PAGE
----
"1. Respondent Judge refused to consider as waived private respondent's objection that his obligation in the January 31, 1984 decision was merely joint and not solidary with the defendants therein. According to petitioner, private respondent assailed the levy on execution twice in 1984 and once in 1985 but not once did the latter even mention therein that his obligation was joint for failure of the dispositive portion of the decision to indicate that it was solidary. Thus, private respondent must be deemed to have waived that objection, petitioner concludes.

"2. The redemption period after the auction sale of the properties had long lapsed so much [so] that the purchaser therein became the absolute owner thereof. Thus, respondent Judge allegedly abused his discretion in setting aside the auction sale after the redemption period had expired.

"3. Respondent Judge erred in applying the presumption of a joint obligation in the face of the conclusion of fact and law contained in the decision showing that the obligation is solidary."[5] (Citations omitted)
Ruling of the Court of Appeals

The Court of Appeals affirmed the trial court's ruling declaring null and void (a) the auction sale of Respondent Ferrales' real property and (b) the Writ of Possession issued in consequence thereof. It held that, pursuant to the January 31, 1984 Decision of the trial court, the liability of Farrales was merely joint and not solidary. Consequently, there was no legal basis for levying and selling Farrales' real and personal properties in order to satisfy the whole obligation.

Hence, this Petition.[6]

The Issues

In its Memorandum,[7] petitioner submits the following issues for our consideration:
"I

Whether or not the Court of Appeals disregarded the basic policy of avoiding multiplicity of motions.

"II

Whether or not the Court of Appeals erred when it disregarded the body of the decision and concluded that the obligation was merely a joint obligation due to the failure of the dispositive portion of the decision dated 31 January 1984 to state that the obligation was joint and solidary.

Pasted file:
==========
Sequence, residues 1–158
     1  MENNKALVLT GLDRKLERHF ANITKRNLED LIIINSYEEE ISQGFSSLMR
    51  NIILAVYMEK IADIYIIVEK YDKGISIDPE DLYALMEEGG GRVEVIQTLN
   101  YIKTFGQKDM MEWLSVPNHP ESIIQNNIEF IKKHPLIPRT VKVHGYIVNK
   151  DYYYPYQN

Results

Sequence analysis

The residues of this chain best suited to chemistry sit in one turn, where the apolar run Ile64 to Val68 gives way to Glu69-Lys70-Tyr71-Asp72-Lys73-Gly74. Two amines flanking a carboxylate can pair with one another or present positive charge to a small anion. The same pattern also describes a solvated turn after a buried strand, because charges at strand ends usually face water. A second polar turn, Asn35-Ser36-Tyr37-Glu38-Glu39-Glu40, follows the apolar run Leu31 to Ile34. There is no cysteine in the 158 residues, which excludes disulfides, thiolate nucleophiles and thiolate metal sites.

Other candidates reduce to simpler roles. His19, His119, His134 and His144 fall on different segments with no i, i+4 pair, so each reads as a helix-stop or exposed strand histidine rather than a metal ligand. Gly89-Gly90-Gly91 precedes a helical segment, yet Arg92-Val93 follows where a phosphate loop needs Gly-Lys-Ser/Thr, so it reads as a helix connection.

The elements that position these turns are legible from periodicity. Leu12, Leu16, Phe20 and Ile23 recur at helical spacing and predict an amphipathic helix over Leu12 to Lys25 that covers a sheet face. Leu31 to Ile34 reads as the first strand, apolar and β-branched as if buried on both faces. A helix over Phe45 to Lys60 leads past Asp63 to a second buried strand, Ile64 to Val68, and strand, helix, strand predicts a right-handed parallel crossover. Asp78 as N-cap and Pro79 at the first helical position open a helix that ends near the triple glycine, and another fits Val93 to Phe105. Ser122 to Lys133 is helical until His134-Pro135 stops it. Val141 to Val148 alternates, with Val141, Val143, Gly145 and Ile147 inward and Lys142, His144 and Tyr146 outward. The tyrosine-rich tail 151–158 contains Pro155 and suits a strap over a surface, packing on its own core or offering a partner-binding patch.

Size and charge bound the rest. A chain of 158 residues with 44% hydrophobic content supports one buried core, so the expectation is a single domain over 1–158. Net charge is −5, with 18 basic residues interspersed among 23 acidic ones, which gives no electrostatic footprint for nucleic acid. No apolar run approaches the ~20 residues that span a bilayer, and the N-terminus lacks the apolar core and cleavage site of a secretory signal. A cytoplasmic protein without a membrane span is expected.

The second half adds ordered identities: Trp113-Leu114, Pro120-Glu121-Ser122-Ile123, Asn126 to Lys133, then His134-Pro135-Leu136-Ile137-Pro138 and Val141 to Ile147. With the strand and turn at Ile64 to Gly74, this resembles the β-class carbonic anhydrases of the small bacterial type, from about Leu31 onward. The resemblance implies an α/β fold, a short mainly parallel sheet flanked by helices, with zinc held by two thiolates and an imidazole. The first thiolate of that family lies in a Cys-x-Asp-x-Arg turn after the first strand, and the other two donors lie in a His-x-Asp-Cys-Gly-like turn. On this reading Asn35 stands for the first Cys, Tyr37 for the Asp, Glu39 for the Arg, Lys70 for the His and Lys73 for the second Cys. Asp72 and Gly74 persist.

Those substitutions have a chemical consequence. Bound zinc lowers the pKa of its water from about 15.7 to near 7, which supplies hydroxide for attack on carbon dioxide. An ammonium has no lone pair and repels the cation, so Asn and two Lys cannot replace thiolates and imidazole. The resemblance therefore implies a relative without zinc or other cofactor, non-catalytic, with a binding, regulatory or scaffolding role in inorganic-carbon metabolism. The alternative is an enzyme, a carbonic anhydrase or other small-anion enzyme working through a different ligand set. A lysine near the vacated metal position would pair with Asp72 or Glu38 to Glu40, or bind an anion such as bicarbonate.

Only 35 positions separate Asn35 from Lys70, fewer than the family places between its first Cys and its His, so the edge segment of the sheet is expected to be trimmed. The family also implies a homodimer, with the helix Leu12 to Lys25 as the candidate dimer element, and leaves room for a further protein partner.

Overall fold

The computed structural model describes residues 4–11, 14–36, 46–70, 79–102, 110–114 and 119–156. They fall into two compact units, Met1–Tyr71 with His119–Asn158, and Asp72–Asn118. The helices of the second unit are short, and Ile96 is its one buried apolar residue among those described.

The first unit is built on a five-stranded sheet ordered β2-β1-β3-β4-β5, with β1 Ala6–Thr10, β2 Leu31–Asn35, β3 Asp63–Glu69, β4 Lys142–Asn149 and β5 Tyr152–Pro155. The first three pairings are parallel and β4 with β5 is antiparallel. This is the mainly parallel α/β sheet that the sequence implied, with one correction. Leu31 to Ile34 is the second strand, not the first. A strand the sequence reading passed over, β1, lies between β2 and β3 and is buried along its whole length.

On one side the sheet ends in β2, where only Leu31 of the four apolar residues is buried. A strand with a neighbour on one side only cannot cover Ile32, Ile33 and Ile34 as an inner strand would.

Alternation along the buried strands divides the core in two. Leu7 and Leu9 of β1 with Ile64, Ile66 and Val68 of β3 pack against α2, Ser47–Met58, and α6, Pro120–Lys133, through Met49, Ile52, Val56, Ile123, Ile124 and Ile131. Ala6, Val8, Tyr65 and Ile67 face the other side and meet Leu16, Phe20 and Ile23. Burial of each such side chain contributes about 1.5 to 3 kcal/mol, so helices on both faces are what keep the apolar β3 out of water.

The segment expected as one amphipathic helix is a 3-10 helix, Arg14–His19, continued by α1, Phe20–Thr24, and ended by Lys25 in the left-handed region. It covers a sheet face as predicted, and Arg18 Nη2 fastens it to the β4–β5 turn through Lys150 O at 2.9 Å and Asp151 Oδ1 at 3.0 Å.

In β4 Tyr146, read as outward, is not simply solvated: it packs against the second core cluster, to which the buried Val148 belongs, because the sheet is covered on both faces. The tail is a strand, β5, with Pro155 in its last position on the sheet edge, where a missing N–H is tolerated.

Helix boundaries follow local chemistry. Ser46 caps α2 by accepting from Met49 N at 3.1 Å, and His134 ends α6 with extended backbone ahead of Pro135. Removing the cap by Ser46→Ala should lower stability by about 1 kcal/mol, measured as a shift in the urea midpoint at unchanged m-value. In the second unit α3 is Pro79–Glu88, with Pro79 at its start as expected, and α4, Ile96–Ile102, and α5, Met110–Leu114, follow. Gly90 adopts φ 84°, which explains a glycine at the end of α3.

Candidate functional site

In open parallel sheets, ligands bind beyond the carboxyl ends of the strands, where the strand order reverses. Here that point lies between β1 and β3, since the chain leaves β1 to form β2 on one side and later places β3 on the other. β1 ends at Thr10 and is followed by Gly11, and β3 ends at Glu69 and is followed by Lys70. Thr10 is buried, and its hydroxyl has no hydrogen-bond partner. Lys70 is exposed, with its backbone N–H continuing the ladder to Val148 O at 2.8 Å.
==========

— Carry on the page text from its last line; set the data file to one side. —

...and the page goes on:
"III

Whether or not the Court of Appeals disregarded the policy of upholding executions."[8]
The Court's Ruling

The Petition is devoid of merit.

First Issue:
Omnibus Motion Rule


Petitioner contends that because private respondent did not question the joint and solidary nature of his liability in his (a) Motion to Quash Levy Execution[9] dated August 23, 1984, (b) Urgent Motion to Order Sheriff to Suspend Sale on Execution[10] dated December 3, 1984, and (c) Motion to Declare Certificate of Sale Null and Void[11] dated January 9, 1985, he cannot now raise it as an objection. Petitioner argues that the "Omnibus Motion Rule" bars private respondent's belated objection. We do not agree.

The Omnibus Motion Rule is found in Section 8 of Rule 15 of the Rules of Court, which we quote:
"Subject to the provisions of section 1 of Rule 9, a motion attacking a pleading, order, judgment, or proceeding shall include all objections then available, and all objections not so included shall be deemed waived. (8a)"
As an aid to the proper understanding of this case, we should at the outset point out that the objections of private respondent contained in his Omnibus Motion[12] dated November 5, 1990 were directed at the proceedings and the orders issued after the auction sale of his real property covered by TCT No. 82531. In his Omnibus Motion, he asked for the recall and quashal of the Writ of Possession issued on October 26, 1990; the annulment of the June 21, 1989 auction sale of the said real property and the recomputation of his liability to petitioner.

However, the three (3) Motions that petitioner referred to above were clearly directed against the execution of private respondent's personal properties. A perusal of these Motions will show that at the time, his objections were directed at the acts of execution against his personal properties.